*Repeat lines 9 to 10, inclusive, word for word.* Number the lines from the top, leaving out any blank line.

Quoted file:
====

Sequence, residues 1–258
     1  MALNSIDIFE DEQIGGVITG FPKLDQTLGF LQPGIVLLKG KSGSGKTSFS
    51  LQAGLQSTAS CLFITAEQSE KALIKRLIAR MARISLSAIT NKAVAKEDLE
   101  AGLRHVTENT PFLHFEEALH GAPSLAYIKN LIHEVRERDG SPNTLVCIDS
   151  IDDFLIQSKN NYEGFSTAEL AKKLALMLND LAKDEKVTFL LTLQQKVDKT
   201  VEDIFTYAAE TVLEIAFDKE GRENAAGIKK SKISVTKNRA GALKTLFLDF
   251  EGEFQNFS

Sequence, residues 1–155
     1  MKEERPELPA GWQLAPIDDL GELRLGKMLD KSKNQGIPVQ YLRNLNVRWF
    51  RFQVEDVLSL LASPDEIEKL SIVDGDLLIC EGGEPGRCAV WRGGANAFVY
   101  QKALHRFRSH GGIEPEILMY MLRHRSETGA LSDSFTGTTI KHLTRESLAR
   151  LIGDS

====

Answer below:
     1  MKEERPELPA GWQLAPIDDL GELRLGKMLD KSKNQGIPVQ YLRNLNVRWF
    51  RFQVEDVLSL LASPDEIEKL SIVDGDLLIC EGGEPGRCAV WRGGANAFVY